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Iraq Transition

Nine U.S. troops die in western Iraq

Car bomb kills at least 10 in Baghdad
A U.S. soldier in the northern city of Tal Afar carefully opens a door to a home on Monday.


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BAGHDAD, Iraq (CNN) -- Nine U.S. service members were killed Sunday and three others are missing after separate incidents in Anbar province in Iraq, the U.S. military said Monday.

A 7-ton military truck in a logistics convoy rolled over in a flash flood near Asad, killing five Marines, the military said.

Two Marines and one sailor are missing, the military said. A Marine who was injured in the accident has returned to duty, it said.

"Our thoughts are with the families, and we are using all the resources available to find our missing Marines and sailor," said Marine spokesman Lt. Col. Bryan Salas.

Two of the missing are assigned to 1st Marine Logistics Group and the third is assigned to Regimental Combat Team 7.

Also in Anbar province, three U.S. Marines and one sailor were killed during combat, the U.S. military said.

The four troops, who were assigned to the 2/28 Brigade Combat Team, died Sunday.

Anbar province is an expanse of land west of Baghdad where many Sunni Arabs live in cities like Ramadi and Falluja. It is one of four provinces in Iraq where the insurgency carries out most of its attacks.

On Saturday, six U.S. service members were killed, and the death toll since the war in Iraq began is 2,341.

At least 10 dead in Baghdad blast

A car bomb in eastern Baghdad killed at least 10 people and wounded 30 others, Baghdad emergency police sources said Monday.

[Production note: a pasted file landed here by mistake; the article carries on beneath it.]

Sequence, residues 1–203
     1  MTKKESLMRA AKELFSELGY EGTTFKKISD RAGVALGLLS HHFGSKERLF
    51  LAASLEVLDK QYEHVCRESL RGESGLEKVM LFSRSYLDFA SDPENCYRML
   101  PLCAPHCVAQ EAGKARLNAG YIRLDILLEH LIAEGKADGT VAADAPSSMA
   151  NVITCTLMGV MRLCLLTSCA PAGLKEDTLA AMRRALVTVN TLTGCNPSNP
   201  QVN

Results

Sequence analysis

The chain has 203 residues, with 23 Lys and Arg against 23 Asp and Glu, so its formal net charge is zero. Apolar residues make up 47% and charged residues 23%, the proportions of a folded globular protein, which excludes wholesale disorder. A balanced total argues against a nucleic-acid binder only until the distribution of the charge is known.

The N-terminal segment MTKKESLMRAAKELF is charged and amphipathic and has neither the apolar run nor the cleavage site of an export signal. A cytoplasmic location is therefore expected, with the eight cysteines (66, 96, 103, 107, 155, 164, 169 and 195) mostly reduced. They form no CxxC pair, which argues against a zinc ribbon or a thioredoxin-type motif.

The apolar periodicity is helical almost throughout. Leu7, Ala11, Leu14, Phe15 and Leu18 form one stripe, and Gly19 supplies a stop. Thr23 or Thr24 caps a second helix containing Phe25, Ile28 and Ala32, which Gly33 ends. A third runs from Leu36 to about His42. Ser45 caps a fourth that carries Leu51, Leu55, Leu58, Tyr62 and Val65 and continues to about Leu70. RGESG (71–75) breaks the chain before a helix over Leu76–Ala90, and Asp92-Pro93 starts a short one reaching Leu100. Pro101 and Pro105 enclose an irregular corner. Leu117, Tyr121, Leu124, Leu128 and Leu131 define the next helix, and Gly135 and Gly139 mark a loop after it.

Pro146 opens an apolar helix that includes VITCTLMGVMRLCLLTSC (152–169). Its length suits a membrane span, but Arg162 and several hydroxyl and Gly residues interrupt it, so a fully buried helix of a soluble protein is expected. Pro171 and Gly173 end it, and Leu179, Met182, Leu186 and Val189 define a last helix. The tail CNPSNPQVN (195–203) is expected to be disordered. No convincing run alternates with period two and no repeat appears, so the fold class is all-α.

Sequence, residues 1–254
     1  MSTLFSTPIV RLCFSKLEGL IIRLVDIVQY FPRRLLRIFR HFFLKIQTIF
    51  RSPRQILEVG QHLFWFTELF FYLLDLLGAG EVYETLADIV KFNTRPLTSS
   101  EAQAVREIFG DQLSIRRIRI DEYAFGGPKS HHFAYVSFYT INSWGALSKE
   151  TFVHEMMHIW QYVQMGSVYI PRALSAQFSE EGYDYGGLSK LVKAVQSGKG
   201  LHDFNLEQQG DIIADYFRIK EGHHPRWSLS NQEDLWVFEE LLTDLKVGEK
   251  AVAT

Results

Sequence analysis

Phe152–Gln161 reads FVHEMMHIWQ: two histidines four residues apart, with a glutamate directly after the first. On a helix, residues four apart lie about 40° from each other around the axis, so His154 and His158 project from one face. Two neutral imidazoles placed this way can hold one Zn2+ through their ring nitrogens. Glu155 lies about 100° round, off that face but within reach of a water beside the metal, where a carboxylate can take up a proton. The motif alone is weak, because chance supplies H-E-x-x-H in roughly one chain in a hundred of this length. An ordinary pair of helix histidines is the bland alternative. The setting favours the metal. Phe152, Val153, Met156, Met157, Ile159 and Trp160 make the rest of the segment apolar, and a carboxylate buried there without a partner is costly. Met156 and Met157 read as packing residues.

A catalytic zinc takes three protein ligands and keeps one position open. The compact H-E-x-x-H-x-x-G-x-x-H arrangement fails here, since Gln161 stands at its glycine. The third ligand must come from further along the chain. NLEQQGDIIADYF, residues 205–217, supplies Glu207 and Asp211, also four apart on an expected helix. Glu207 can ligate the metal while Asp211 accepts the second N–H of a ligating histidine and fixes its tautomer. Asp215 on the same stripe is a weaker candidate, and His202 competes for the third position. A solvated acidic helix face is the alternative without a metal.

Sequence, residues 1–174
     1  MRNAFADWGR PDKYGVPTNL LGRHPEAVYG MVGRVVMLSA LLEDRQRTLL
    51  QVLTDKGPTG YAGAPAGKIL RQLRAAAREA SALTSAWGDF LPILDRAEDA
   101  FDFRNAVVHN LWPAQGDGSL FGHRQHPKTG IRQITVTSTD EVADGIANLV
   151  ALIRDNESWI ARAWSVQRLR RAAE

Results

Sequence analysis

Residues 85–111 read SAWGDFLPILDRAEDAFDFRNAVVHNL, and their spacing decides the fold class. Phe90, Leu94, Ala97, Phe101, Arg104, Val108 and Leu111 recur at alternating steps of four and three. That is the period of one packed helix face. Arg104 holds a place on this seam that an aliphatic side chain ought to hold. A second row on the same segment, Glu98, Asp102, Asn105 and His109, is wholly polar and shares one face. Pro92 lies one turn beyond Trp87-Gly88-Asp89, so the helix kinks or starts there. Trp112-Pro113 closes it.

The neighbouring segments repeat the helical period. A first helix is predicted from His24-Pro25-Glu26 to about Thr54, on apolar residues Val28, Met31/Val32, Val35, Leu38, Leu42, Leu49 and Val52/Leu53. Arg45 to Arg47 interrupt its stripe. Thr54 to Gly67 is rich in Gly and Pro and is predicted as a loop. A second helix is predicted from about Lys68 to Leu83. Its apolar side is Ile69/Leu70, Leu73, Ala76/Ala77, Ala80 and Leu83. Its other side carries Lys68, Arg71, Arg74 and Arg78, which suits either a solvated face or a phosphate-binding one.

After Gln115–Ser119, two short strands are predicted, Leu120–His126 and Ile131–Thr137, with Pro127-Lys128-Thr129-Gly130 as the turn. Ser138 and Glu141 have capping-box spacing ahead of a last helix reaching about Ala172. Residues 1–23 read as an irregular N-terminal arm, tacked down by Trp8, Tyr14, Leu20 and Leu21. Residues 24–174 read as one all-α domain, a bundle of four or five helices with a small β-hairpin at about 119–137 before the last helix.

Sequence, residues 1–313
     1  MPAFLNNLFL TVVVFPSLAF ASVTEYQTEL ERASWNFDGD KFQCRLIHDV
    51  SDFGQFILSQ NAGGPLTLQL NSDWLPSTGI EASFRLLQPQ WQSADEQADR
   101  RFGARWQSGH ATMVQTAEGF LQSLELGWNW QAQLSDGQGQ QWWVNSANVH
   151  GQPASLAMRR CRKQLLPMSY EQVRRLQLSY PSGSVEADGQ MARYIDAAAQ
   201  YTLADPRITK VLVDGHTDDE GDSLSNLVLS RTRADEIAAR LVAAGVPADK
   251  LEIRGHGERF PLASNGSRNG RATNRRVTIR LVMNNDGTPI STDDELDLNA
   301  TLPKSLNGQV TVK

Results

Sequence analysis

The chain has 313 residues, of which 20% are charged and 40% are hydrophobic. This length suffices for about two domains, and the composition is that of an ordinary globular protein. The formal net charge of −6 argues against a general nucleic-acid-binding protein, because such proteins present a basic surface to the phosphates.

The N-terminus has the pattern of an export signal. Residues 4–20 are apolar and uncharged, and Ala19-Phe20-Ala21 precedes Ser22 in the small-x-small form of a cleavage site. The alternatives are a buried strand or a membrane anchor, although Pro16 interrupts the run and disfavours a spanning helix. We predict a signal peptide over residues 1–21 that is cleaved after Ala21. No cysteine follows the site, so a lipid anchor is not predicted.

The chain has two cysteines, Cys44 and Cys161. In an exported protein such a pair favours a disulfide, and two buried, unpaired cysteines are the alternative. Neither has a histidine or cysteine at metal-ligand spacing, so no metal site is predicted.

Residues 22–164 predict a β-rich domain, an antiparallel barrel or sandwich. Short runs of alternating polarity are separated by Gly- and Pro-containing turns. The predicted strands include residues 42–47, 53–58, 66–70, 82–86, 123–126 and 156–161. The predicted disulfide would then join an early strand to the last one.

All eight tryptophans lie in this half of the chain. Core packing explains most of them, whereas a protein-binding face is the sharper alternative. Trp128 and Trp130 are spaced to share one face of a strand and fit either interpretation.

The blast took place near a mosque in the Shaab area, the sources said.

Also Monday, gunmen in the southern city of Basra killed six Sunnis, including a child at a market, a police official said.

Among the dead -- who were all related -- were two police officers and a naval officer.

The four gunmen opened fire from a passing car, the official said.

Rice: Iraq must pick 'strong leader'

U.S. Secretary of State Condoleezza Rice said Monday the next Iraqi prime minister must be a "strong leader" capable of unifying the people of this fractured country.

On the second day of her trip to Baghdad with British Foreign Secretary Jack Straw, Rice called for Iraqi lawmakers, elected in December, to overcome obstacles and form a new government.

Rice and Straw -- who flew into the Iraqi capital Sunday from northwest England -- have met with Sunni, Shiite and Kurdish politicians. (Full story)

Other developments

  • Insurgent bombers working in the middle of the night destroyed a Shiite mosque in Diyala province, an Iraqi official said on Sunday, but the U.S. military disputed the report. An official with the Diyala Joint Coordination Center said the bombers destroyed the small shrine in Kibba village about 3 a.m. But U.S. military personnel visited the site and said there had been no bombing, military officials in Baghdad said.
  • The brother of a prominent Sunni Arab politician was apparently kidnapped last week while driving from Baghdad to Salaheddin province, an official with the Iraq National Dialogue Front said Sunday. The missing man, Taha al-Mutlaq, is the brother of Saleh al-Mutlaq, the head of the Iraqi National Dialogue Front party, which won 11 seats in the parliamentary elections.
  • Iraqi police found four bodies, all shot in the head, Sunday in various neighborhoods of Baghdad, an official with Baghdad emergency police said.
  • CNN's Mohammed Tawfeeq contributed to this report.

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